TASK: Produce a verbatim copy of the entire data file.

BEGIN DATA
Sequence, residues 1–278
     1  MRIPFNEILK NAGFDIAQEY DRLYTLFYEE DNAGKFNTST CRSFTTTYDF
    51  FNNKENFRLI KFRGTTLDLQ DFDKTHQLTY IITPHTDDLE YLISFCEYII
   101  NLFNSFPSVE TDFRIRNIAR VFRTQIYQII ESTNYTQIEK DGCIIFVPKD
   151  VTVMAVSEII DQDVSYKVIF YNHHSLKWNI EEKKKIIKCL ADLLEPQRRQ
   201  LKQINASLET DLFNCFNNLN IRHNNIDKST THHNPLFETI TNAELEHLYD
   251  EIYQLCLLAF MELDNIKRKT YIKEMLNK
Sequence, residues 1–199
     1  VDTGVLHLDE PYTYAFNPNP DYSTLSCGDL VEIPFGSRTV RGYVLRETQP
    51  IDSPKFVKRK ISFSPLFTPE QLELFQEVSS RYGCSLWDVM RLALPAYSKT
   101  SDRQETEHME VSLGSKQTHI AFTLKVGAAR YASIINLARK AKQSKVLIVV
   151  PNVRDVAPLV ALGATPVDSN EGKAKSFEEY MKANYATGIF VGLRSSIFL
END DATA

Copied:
Sequence, residues 1–278
     1  MRIPFNEILK NAGFDIAQEY DRLYTLFYEE DNAGKFNTST CRSFTTTYDF
    51  FNNKENFRLI KFRGTTLDLQ DFDKTHQLTY IITPHTDDLE YLISFCEYII
   101  NLFNSFPSVE TDFRIRNIAR VFRTQIYQII ESTNYTQIEK DGCIIFVPKD
   151  VTVMAVSEII DQDVSYKVIF YNHHSLKWNI EEKKKIIKCL ADLLEPQRRQ
   201  LKQINASLET DLFNCFNNLN IRHNNIDKST THHNPLFETI TNAELEHLYD
   251  EIYQLCLLAF MELDNIKRKT YIKEMLNK
Sequence, residues 1–199
     1  VDTGVLHLDE PYTYAFNPNP DYSTLSCGDL VEIPFGSRTV RGYVLRETQP
    51  IDSPKFVKRK ISFSPLFTPE QLELFQEVSS RYGCSLWDVM RLALPAYSKT
   101  SDRQETEHME VSLGSKQTHI AFTLKVGAAR YASIINLARK AKQSKVLIVV
   151  PNVRDVAPLV ALGATPVDSN EGKAKSFEEY MKANYATGIF VGLRSSIFL